If civics education in high school today is anything like the way it was when I was in high school, it remains nearly useless for creating well-informed, critical-thinking voters. It could basically have been summarized as: nice, ordinary people like us elect other nice ordinary people to sit in a big room in Ottawa called the House of Commons, making the people’s laws and holding the government to account.

Their work, we were told, is reviewed by some fancier people called Senators, and if things go well, a bill becomes law with the assent of the Governor-General, who represents the Queen, a free-floating celebrity whose role even a teacher could not coherently describe.

Having taught us the basic theory of how Canadian democracy is supposed to work, the teacher’s duty was done. At no time were students encouraged to be skeptics. And the human factors that occasionally brought a politician’s downfall through scandal? Irrelevant.

Yet human factors are important. In theory, people who run for public office are concerned citizens just like us who want to make a difference. Though this is often true in practice, the reality is much more complicated.

Consider the words of Alan Greenspan, the chairman of the U.S. Federal Reserve and thus America’s top banker from 1987 to 2006. His tenure spanned the terms of four presidents, each of whom relied on him as an advisor. But Greenspan had also personally known two earlier presidents, making him one of a select few to have known a total of six U.S. presidents.

“Nixon was the extreme,” Greenspan wrote in his 2007 memoir, The Age of Turbulence, describing the 1969-74 Republican president as “an extremely smart man” but also shown by the Watergate scandal to have been “sadly paranoid, misanthropic, and cynical”. In private, Greenspan found Nixon so crude that his language “would have made Tony Soprano blush”.

“But I came to see that people who are on the top of the political heap are really different,” Greenspan continued. “Jerry Ford was as close to normal as you get in a president, but he never was elected.”

“There’s a constitutional amendment that I’ve been pushing for years without success,” he adds. “It says, ‘Anyone willing to do what is required to become president of the United States is thereby barred from taking that office.'”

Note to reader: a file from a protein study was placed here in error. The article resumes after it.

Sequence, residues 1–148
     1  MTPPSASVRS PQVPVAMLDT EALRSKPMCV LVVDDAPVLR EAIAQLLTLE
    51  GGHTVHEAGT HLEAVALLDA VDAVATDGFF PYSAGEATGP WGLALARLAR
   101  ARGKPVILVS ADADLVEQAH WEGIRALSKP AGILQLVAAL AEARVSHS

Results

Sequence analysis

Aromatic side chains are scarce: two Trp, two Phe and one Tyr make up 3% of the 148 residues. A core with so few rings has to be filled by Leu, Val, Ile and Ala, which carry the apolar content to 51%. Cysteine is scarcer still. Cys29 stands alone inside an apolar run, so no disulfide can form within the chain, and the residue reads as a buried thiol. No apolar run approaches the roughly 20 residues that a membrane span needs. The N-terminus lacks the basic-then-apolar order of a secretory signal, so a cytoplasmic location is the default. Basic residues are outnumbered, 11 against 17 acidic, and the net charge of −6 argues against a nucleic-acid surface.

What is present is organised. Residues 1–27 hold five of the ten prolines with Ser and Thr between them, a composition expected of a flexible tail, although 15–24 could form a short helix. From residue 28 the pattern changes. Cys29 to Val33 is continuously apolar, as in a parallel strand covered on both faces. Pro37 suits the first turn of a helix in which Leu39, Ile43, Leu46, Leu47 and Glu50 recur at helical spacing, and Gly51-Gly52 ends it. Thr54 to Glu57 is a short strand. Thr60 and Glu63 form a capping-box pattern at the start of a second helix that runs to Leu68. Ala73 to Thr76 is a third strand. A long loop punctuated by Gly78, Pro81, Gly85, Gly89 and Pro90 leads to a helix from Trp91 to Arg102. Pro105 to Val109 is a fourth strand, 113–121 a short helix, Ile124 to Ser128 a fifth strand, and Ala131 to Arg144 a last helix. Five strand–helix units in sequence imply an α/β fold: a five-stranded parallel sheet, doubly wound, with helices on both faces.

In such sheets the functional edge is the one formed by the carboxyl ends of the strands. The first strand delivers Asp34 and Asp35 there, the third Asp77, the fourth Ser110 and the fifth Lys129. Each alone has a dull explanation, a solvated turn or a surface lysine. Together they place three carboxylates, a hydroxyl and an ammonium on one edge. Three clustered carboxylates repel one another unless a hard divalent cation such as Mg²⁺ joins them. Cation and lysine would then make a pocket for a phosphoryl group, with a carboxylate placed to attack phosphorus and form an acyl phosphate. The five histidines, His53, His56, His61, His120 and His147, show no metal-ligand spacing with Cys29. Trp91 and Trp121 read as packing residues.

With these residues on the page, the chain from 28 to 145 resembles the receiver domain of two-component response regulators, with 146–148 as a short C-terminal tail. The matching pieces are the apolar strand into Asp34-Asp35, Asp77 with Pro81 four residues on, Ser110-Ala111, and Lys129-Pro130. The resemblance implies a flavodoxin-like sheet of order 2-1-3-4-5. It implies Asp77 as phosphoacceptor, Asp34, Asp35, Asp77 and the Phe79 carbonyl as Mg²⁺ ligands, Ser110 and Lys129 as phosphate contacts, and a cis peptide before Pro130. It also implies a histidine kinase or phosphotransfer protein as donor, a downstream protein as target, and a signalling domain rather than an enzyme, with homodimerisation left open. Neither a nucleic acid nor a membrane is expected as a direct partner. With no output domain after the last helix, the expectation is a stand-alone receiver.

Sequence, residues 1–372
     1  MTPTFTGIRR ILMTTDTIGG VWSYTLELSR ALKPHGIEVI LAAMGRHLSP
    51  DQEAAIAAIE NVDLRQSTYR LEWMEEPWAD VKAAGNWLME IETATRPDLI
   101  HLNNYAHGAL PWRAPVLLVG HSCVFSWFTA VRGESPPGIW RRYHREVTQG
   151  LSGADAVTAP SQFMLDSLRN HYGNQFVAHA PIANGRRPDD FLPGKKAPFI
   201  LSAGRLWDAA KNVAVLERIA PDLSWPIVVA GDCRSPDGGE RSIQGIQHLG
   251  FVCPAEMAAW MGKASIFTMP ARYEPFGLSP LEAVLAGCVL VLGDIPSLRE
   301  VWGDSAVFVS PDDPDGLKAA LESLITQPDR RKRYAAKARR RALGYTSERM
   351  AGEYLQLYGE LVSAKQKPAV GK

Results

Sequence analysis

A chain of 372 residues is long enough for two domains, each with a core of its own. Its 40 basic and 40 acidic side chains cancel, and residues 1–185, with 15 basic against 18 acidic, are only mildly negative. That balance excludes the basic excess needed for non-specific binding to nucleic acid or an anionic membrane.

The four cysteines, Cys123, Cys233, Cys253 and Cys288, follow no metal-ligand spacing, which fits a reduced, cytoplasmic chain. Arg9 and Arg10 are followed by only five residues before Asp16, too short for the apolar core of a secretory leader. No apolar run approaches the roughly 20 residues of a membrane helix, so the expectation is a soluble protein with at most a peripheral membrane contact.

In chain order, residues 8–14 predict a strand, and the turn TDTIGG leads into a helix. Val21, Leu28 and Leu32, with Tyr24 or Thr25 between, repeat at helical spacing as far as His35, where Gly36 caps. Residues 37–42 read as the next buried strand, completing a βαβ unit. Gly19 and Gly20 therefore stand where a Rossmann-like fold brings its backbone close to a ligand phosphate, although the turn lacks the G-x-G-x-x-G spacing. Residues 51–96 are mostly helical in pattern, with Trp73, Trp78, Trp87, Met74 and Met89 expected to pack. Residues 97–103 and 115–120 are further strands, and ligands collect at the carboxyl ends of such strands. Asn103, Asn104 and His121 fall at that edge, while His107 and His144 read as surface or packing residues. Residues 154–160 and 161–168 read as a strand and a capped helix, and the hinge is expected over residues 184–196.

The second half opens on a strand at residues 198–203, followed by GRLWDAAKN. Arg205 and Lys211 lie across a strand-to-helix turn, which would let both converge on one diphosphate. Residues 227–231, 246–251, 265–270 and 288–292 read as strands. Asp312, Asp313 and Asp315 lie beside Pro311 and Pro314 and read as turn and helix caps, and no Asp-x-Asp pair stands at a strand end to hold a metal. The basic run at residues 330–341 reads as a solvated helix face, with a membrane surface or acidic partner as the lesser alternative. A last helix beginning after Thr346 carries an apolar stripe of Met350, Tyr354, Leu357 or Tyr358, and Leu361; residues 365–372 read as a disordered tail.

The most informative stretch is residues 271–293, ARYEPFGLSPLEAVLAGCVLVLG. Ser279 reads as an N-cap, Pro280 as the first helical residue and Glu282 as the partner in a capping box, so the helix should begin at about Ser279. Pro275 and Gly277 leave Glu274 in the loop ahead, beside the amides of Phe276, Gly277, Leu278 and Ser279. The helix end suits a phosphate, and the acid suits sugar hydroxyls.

“I’m only half joking.”

Greenspan had revealed a truth. Politics is a career that attracts a disproportionate number of highly narcissistic personalities: people who have a hunger for power or adulation so deeply rooted in their personalities that they are willing to make the harsh sacrifices of a political career to satisfy it — the 60-70 hour weeks, the public criticism, the invasions of privacy, the strained (and often destroyed) marriages, and everything else.

Narcissism is a normal human behaviour to at least some degree, as a scroll through a Facebook feed can attest, but is deemed by the American Psychiatric Association to be problematic when it begins to be expressed as “a pervasive pattern of grandiosity (in fantasy or behavior), need for admiration, and lack of empathy.”

Politics, with its grand ceremonies, opportunities to cross paths with the famous and powerful, and reliance on the public’s admiration for success, makes for an ideal stage.

“…[W]hat typically drives [politicians] is a lust for power, prestige, status, and authority,” U.S. psychologist Leon Seltzer wrote in a 2011 commentary on the Psychology Today web site. “As senator or congressman the whole nation has become one huge ‘narcissistic supply’ for them. That is, the ego gratifications available simply from residing in congress are truly extraordinary: such an unusually prestigious role can’t but pump up their self-esteem to levels that further confirm their bloated sense of self.”

“Bill Clinton was a self-destructive narcissist, although he’s so fatally charming, which is also one of the narcissist’s great traits — a sort of lethal charisma — that we forgave him a great deal,” said Jeffrey Kluger, the author of The Narcissist Next Door, in a 2014 video interview.